• Frequently complaining about his/her body
  • Weight loss or lack of expected weight gain

Eating disorders like anorexia and bulimia can cause some serious damage, affecting your heart, digestion, bones, menstrual cycle and kidneys. Binge eating doesn't always lead to weight gain, but it can, which would likely increase your risk for diabetes, hypertension and heart disease.  

Sometimes, changes in eating habits can signal a disorder, like anxiety or depression. Don’t let changes in your child's eating habits go unnoticed. It's likely he or she needs help, and making an appointment with a physician is just the first step. 

  1. Signs of self-harm

Self-harm refers to the act of intentionally inflicting nonfatal pain on yourself, and one in every 100 people in the US do it. This behavior typically begins in teens or young adults, and can include cutting, punching or burning yourself, or pulling out your hair.

Self-harm is not a mental illness, but it may be a signal of an underlying mental health concern, like depression, anxiety or PTSD. Not everyone's reasons for self-inflicted harm are the same, but many do it to find some relief from pain, anger or trauma. 

Self-harm scars aren't always visible either, so it's important to recognize other signs like:

  • Wearing long sleeves or pants in hot weather
  • Impulsiveness or unpredictability
  • Rubbing an area of skin to create a burn
  • Keeping sharp objects on hand
  • Fresh cuts or bruises

If you notice these signs, sit down with your child and find out what's been going on. Don’t wait to make an appointment with a healthcare professional to get your son or daughter treatment for the underlying condition. Click here to make an appointment.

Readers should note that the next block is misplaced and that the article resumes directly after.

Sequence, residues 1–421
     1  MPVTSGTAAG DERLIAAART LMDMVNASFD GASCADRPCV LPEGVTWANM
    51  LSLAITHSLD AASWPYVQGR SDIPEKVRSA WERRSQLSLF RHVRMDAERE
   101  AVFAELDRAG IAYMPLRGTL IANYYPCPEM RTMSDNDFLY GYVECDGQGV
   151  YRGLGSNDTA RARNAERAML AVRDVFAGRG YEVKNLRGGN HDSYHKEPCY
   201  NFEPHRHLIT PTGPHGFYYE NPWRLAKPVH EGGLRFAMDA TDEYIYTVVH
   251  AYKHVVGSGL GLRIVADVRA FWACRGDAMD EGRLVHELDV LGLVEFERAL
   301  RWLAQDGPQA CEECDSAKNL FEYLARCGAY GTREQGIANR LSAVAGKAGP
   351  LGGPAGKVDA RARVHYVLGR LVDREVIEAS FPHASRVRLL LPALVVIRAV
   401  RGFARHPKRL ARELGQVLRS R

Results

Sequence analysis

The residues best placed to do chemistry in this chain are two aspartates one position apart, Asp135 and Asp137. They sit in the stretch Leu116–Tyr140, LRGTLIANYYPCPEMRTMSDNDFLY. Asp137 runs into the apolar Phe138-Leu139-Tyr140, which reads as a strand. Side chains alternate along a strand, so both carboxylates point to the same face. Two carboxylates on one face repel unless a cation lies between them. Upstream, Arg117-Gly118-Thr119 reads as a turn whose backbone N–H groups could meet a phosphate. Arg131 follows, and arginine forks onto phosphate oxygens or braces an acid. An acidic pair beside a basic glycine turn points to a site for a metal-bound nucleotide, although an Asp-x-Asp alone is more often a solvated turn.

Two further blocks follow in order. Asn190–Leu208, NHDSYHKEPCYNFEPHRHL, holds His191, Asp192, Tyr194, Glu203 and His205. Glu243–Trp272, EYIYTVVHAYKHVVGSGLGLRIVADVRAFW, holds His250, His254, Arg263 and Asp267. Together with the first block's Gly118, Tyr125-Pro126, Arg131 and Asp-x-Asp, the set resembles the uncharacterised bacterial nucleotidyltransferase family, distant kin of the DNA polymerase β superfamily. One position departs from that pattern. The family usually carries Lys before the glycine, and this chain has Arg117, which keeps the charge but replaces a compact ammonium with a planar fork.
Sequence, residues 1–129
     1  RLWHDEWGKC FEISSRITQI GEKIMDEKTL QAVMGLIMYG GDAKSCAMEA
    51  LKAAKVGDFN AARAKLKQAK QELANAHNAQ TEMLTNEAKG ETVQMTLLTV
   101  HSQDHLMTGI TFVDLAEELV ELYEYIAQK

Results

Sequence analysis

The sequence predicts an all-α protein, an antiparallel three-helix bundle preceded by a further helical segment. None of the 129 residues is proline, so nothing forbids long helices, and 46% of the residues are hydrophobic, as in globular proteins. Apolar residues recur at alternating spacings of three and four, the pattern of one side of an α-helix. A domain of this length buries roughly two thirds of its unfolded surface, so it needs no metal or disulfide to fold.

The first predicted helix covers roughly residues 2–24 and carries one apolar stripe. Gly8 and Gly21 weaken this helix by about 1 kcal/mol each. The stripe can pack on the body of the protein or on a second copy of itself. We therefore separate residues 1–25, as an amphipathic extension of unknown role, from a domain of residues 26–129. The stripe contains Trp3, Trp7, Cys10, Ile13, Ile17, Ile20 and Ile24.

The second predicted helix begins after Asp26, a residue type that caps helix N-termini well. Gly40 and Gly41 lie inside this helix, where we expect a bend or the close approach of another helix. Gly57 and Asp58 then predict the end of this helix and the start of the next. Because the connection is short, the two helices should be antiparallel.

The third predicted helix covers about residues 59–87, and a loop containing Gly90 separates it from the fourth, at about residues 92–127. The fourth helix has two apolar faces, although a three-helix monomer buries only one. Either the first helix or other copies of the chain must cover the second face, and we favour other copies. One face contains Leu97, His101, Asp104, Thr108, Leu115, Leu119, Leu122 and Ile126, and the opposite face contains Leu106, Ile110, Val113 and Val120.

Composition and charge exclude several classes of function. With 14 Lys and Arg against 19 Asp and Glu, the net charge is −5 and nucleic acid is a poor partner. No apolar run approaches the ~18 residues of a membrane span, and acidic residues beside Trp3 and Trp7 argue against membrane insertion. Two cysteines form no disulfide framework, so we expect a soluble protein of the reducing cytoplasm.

1. Your child is sad, withdrawn or depressed

We all have our bad days, but when thoughts of sadness linger or performing daily tasks become daunting, it could be a sign your child has depression. This mood disorder is characterized by sadness, irritability and withdrawal that lasts for weeks or months at a time.  

Depression can affect a child's energy, sleep and appetite. It makes schoolwork and even keeping up with friends a challenge. There are some other signs your child is experiencing depression and may need help from a professional, like:

  • Frequent sadness or crying
  • Moodiness
  • Irritability
  • Withdrawal from family and friends

Depressive symptoms that last for two weeks or interfere with a child's ability to go to school and socialize with other kids, should be brought to a doctor's attention.

  1. Changes in sleeping habits

If you’ve noticed changes in your child’s sleep patterns, it might signal a mental health issue like depression, PTSD or other anxiety disorders.

Some changes that might mean a mental health problem include:

  • Sleeping more or less than usual
  • Trouble sleeping
  • Nightmares
  • Fear before going to bed


Make an appointment with your healthcare provider if you notice these changes. Your doctor can help determine whether the sleep changes are due to a mental health condition, or perhaps a sleep disorder like insomnia, restless legs syndrome or sleep apnea.

  1. Your teen is abusing drugs and alcohol

Many children and teens struggle silently with mental health issues, and may resort to extreme measures to cope with their feelings. Disorders like depression, among other mental illnesses, are often coupled with alcohol and prescription drug abuse.

These substances can be addictive and lead to serious health problems. They also impair judgement and increase the likelihood of teens to engage in risky behaviors, like impaired driving and sexual activity.

Some signs of substance abuse among teens, include:

  • Withdrawing from family
  • Disregarding rules
  • Exhibiting poor judgement and lack of interest
  • A change in friends, eating and sleeping habits, and performance in school

Speaking with your teen about drugs and alcohol is a good first step, but if you think the cause of the abuse is a mental health issue or if your child has developed a dependency to drugs or alcohol, you should contact a healthcare provider. It's never too early to get your children the help they need.